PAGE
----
ASN's Mission

ASN leads the fight to prevent, treat, and cure kidney diseases throughout the world by educating health professionals and scientists, advancing research and innovation, communicating new knowledge, and advocating for the highest quality care for patients.

learn more

Contact ASN

1401 H St, NW, Ste 900, Washington, DC 20005

email@asn-online.org

202-640-4660

The Latest on Twitter

Kidney Week

Abstract: TH-OR126

Pediatric CKD Is Associated with Abnormal White Matter Integrity

Session Information

Category: Pediatric Nephrology

  • 1700 Pediatric Nephrology

Authors

  • Solomon, Matthew A., Stead Family Children's Hospital, Iowa City, Iowa, United States
  • Koscik, Timothy R., University of Iowa, Iowa City, Iowa, United States
  • Novak, Marci, University of Iowa, Iowa City, Iowa, United States
  • Magnotta, Vincent, University of Iowa Carver College of Medicine, Iowa City, Iowa, United States
  • Furth, Susan L., The Children’s Hospital of Philadelphia, Philadelphia, Pennsylvania, United States
  • Brophy, Patrick D., University of Rochester, Rochester, New York, United States
  • Nopoulos, Peggy C., University of Iowa, Iowa City, Iowa, United States
  • Harshman, Lyndsay, Stead Family Children's Hospital, Iowa City, Iowa, United States
Background

Children with chronic kidney disease (CKD) are at risk for neurocognitive deficits. Neuroimaging studies provide an opportunity to accurately assess the brain and yield clues to the underlying mechanisms of observed neurocognitive abnormalities. To date, few published studies exist evaluating brain structure in pediatric CKD and often involve heterogenous samples with late CKD/end-stage populations of varying etiologies.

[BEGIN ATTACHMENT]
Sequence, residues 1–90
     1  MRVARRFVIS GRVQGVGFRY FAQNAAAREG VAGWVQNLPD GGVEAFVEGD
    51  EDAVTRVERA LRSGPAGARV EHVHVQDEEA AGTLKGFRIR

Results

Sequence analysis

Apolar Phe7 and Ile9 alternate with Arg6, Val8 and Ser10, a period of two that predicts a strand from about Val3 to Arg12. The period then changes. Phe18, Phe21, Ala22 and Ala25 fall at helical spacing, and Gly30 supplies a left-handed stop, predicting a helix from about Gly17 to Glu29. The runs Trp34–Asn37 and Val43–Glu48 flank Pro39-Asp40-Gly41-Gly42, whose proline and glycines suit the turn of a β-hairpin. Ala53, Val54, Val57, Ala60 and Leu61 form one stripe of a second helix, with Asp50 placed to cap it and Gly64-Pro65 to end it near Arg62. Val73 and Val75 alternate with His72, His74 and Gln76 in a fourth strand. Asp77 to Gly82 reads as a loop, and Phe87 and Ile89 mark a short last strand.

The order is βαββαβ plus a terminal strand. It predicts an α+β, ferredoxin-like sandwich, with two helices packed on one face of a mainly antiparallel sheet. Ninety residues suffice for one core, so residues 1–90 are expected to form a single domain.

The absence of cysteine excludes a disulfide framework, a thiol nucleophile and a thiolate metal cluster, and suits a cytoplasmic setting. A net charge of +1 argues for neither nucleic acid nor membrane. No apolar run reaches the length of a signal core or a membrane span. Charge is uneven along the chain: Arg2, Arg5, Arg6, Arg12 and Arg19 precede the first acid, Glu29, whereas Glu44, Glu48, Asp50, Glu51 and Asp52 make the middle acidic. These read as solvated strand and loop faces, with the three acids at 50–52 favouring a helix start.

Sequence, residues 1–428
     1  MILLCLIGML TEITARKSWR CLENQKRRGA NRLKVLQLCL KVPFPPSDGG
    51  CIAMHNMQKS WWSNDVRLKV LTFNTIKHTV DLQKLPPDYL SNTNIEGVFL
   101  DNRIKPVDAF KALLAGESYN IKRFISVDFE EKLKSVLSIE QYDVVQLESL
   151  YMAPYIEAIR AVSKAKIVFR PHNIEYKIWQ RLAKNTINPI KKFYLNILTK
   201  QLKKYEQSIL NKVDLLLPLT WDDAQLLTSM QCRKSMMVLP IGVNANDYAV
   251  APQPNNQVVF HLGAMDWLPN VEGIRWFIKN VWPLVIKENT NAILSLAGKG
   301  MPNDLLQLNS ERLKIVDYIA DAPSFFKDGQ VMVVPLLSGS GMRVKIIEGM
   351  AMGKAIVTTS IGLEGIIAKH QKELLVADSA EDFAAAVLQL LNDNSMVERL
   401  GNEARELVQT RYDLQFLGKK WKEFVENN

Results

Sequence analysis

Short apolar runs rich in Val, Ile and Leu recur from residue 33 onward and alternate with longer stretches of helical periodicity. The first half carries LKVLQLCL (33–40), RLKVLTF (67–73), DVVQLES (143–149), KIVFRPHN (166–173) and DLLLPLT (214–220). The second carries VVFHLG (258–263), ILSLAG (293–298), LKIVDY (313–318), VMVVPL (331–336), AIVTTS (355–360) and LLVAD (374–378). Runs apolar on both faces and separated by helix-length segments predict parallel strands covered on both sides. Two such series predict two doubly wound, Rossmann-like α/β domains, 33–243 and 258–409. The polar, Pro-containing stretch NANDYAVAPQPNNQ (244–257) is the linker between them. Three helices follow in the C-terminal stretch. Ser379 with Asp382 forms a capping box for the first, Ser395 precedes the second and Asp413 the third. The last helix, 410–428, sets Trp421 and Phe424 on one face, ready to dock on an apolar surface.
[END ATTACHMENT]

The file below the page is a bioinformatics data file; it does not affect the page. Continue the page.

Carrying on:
Methods

We describe the effect of mild to moderate CKD on brain white matter integrity (WMI) using quantitative MRI diffusion tensor imaging. Patients age 6-16 with congenital, non-glomerular causes of CKD (eGFR 30-90 ml/min/1.73m2) were invited to participate [Ncases = 20, Ncontrol = 26]. Participants completed a neurocognitive evaluation and MRI scan. WMI was calculated utilizing measurement of fractional anisotropy (FA). Voxel-wise linear regression models were calculated using R where FA values were predicted by CKD-status. Sex, age, blood pressure, and parental socioeconomic status were included as covariates.

Results

Relative to controls, CKD participants showed significant decreases in WMI within multiple brain regions including the right orbitofrontal cortex (Fig 1: t(54)=-3.74, p=0.000452, q=0.00722). Linear regression was performed to predict the relationship between regions with FA deficit and executive function. For males, lower FA within the right orbital frontal cortex was related to poorer executive function as measured by the Behavior Rating Inventory of Executive Function global executive composite (p = 0.006). In models adjusted for age, sex, participant type, and systolic blood pressure, lower FA within this region remained associated with poorer executive function (p = 0.011).

Conclusion

Our data demonstrate distinct white matter abnormalities in early pediatric CKD due to congenital anomalies of the kidney/urinary tract. Furthermore, these alterations in WMI are associated with executive function.

Figure 1: Localization of the right orbitofrontal WMI difference between cases (CKD) and controls (UC) [voxel coordinates xyz: 14.6, 46.8, -10.7].

Funding

  • NIDDK Support